Love and Mercy
Last night we went with friends to see the Brian Wilson movie. I’ve been wanting to see it since I heard about it in the spring, but was by now pretty certain that my first look at it would be on Netflix. We live in a very small market and the film didn’t have a single showing here on its release. I’d given up hope.
But my friend had found an ad in the paper listing “Love and Mercy” on one screen downtown this weekend and we jumped at the chance to see it.
I said to our friends in the lobby of the multiplex just before we went in that I would not be surprised if we were the only people in the theatre for the showing. We weren’t. I’m guessing there were around twenty people there; not packed, but in our market a better crowd than you might have imagined or bet on for an early Saturday evening showing of a non-blockbuster movie.
I wanted to see the movie not only because of the favorable reviews, the promising cast and tempting trailers; I wanted to see it because I am a fan. A lifetime fan, to be more precise. When the Andy character in the Doonesbury strip, upon hearing the CD of Pet Sounds on his deathbed says “Listen, that’s my life,” I know what he means.
So I went to the movie, hoping to hear an affectionate, understanding and appreciative treatment of this magic music and I went to the movie to perhaps gain a little more understanding of the messy life of this musical genius. I’d read bits and pieces here and there and listened to lots of talk about Brian, but I savored the idea of having the story laid out for me in images and dialogue.
I was not disappointed on that score. The film does a better job than I would have thought possible in getting across the essence of the Beach Boys’ magic. The passing treatment of the surf music is true enough to form to convey that electric excitement it had for all of us back in 1963. And the footage given to portray the recording of Pet Sounds and the creation of Good Vibrations is, well, affectionate, understanding and appreciative. I had heard before the stories of the weirdness, the amazing comprehension and mastery of every note and nuance, the slavish attention to detail, the final perfection of the idea. But to see it all dramatized in such a faithful, believable way was gratifying and nourishing.
Brain Wilson’s music is beautiful and the movie treats it with the respect it deserves.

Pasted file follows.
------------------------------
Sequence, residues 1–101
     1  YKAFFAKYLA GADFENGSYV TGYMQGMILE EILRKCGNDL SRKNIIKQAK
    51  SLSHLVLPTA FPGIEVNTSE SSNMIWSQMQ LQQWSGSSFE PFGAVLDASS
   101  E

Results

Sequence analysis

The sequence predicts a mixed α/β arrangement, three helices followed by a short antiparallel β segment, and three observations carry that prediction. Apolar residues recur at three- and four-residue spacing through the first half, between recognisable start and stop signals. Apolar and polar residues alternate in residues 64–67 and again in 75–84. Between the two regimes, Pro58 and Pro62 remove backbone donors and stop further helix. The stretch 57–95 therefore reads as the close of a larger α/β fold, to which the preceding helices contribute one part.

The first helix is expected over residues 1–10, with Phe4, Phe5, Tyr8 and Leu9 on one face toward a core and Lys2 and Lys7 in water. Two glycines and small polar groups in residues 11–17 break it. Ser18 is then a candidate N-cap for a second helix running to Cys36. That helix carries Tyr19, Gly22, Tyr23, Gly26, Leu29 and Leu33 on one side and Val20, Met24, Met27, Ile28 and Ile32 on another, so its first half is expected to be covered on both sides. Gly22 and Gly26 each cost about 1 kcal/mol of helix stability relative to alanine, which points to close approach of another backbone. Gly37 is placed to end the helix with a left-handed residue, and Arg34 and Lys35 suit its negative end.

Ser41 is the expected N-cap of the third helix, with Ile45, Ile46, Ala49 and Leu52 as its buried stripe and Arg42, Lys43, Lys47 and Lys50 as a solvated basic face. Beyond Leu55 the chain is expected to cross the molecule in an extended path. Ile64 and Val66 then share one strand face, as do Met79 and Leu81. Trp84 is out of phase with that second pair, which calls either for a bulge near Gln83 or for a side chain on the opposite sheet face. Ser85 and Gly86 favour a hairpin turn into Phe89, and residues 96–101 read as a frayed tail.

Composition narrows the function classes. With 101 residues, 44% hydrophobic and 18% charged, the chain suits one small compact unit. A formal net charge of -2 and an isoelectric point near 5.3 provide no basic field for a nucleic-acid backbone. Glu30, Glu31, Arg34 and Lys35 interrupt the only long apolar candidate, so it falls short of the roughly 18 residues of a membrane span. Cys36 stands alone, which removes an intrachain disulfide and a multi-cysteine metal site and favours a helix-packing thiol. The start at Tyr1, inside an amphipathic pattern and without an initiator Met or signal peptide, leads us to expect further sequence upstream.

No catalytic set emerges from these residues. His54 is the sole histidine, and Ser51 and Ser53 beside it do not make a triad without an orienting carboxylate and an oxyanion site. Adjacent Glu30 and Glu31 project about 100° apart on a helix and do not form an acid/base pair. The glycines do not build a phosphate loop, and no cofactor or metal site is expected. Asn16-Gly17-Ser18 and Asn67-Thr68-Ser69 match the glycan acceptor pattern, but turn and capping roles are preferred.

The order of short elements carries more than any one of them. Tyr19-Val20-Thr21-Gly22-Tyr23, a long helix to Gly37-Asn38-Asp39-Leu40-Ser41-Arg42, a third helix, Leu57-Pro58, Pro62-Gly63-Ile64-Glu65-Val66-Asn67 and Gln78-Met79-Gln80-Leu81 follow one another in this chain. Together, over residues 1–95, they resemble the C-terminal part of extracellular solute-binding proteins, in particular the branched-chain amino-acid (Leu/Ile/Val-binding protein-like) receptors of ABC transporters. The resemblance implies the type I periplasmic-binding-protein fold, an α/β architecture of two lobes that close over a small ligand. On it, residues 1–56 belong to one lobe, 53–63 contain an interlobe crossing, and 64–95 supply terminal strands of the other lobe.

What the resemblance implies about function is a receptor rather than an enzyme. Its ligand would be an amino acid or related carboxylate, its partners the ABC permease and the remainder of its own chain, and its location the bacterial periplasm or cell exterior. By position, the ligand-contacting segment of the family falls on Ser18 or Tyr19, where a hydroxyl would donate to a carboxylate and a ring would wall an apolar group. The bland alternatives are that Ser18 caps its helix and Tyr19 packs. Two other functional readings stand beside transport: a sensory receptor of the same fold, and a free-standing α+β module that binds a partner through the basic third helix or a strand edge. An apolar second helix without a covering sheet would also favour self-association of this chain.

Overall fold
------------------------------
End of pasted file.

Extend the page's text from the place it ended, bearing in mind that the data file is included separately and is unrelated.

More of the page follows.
So, I got what I came for, and I would have been satisfied with that, but “Love and Mercy” was, for me, one of those rare movies that actually exceeded my highest expectations. I got more than I bargained for, more than I expected and more than I had even hoped for.
This movie is a fine exposition of Brian Wilson’s musical genius. It is an informative exegesis of his messy life. But it is, above and beyond all of that, a love story of the very highest order.
I am a sucker for love stories, even corny ones. My wife and I have watched every romantic comedy that Hugh Grant or Julia Roberts or Meg Ryan have ever made. We have DVDs of every recent adaptation of every one of the Jane Austen novels and we seem to get through each of them at least one time every long winter. I think of romances as the only stories that have happy endings this side of Jordan, and I like happy endings.
But this love story is a real love story with a real happy ending. It is compellingly told in this film.
That is, there is no silliness or zaniness about the story. What we see is a man who is in the deepest need, indeed, a man who is a captive, who is literally saved – pulled out of a real hell – by love.
And that love, convincingly portrayed by Elizabeth Banks as Melinda Lebetter, is a beautiful thing. It is selfless love; the love that is patient and kind and “seeketh not its own.” It is that very kind of love that Saint Paul was talking about when he wrote that famous passage to the church in Corinth. Indeed, I have heard those verses a thousand times over my lifetime and I don’t know if I have ever seen them as profoundly enacted and portrayed as they are in this film.
In a way, this movie is an acting-out of the gospel. Jesus Christ is never mentioned in the movie, except in the violent swearing of the evil doctor, but, nonetheless, the story is one of liberation from bondage; a liberation from “the world, the flesh and the devil” and a return to flourishing, all accomplished through self-sacrificing love.
I was so entranced that I never moved in my seat.